Sunday, June 8, 2014

Eat Your Thinnings!

Today I thinned out my first plantings of carrots, beets, radishes, turnips, spinach and pak choi. I was a bit hurried as I planted, so there were a lot of clumps of seedlings. Leaving them as is would mean a fair amount of leaf growth, but no roots, so I thinned them to their proper spacing. I feel really bad about wasting seeds though, especially since I like to buy really good seed.

All of these veggies have edible leaves, so instead of tossing them into the compost, I tossed them into my salad bowl. I ended up with 2 cups of beautiful microgreens to add to our dinner salad. No waste, and I get fantastic nutrition and flavor. And just look at that color!

Also, while I was thinning out the beds, I weeded them as well. There were a few baby dandelion plants that had popped up since I first prepped the beds in spring. I picked those and tossed them in with the microgreens. When this young, dandelions are rather mild. I sometimes toss in violet and plantain leaves as well.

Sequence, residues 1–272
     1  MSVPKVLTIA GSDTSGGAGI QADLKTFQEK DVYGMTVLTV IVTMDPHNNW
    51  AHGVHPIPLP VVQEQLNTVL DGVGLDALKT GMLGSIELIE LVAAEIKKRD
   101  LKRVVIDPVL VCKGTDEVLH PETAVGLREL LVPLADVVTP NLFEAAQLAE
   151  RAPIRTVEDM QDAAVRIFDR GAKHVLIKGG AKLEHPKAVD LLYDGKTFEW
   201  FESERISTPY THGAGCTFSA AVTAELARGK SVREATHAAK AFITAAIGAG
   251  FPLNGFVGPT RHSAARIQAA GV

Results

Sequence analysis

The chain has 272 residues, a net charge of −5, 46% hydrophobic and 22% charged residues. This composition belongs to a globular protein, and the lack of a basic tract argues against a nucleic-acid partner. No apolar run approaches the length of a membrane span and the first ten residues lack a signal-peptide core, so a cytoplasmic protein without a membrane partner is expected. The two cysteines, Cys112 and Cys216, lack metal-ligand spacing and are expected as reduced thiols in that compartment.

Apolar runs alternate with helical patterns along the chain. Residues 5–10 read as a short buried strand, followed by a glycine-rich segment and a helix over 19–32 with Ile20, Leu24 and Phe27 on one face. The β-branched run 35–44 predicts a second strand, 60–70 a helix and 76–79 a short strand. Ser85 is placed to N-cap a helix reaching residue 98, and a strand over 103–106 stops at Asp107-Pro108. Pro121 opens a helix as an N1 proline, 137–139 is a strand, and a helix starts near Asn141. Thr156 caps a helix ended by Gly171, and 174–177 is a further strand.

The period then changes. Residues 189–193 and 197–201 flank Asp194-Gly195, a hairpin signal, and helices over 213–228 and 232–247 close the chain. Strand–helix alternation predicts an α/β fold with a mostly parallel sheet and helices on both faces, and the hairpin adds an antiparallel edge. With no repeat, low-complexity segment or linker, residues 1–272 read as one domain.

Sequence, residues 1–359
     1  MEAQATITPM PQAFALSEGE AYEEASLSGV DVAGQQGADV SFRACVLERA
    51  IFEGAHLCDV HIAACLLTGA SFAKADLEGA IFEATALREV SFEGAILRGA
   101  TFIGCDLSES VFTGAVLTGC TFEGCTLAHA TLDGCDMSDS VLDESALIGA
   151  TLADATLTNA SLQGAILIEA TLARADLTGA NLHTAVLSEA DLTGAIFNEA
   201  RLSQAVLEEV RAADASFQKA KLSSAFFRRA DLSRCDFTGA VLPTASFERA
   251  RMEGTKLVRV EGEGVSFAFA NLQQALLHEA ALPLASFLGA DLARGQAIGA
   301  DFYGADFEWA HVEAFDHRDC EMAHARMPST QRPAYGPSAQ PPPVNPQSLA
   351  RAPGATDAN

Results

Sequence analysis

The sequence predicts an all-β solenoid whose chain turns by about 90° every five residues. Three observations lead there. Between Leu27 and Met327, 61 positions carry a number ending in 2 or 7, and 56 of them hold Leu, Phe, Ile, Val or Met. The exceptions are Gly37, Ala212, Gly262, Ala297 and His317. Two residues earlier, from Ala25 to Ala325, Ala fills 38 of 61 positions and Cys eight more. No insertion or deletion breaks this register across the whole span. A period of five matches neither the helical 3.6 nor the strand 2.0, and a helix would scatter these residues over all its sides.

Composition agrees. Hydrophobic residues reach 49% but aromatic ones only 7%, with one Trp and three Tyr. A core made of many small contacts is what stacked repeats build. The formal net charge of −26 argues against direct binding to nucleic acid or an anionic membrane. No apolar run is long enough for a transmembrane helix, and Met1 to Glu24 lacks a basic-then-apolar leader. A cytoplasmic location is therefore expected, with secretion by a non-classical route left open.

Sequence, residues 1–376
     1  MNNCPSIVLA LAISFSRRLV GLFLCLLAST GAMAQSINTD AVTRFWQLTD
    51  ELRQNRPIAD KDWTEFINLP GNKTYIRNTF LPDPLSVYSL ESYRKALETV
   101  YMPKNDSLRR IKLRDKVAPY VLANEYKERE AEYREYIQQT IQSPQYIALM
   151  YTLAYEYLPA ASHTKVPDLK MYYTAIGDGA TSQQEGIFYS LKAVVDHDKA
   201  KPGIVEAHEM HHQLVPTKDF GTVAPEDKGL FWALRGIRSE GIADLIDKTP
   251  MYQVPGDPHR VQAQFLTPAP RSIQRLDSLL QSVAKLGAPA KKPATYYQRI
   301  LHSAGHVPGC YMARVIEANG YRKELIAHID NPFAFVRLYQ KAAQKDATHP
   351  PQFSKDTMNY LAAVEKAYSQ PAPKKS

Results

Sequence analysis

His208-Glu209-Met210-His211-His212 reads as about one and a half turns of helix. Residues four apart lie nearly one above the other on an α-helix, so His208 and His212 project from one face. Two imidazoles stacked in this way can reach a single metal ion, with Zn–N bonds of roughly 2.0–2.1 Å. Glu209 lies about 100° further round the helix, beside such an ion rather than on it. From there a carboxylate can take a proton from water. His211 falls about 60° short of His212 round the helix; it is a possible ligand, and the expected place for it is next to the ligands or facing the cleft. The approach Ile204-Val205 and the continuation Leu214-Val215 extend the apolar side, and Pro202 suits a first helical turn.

While weeding, I accidentally uprooted one of the pea plants. This is devastating because I have been in a battle against a ground hog over my pea patches. One of the few pea plants that survived his greed fell to my momentary carelessness. Rather than let it go to waste, I'm going to add those tasty tendrils to our salad.

If you grow hardneck garlic, it will attempt to go to seed and send up a scape. They are really beautiful with a cute little curl to them. It is best to cut them off so that energy can be put into producing large heads instead of seeds. Instead of throwing them away, eat them! They are crunchy and have a milder garlic flavor. They can be used to make pesto or added to stir-fry or casseroles. I'm adding mine to a quiche tonight.

Onions, leeks and scallions will sometimes produce scapes, so harvest those too. If you let them stay, eventually they will bloom int little pop-poms. These flowers are also edible and can be added to salads, pizzas, soups, etc.

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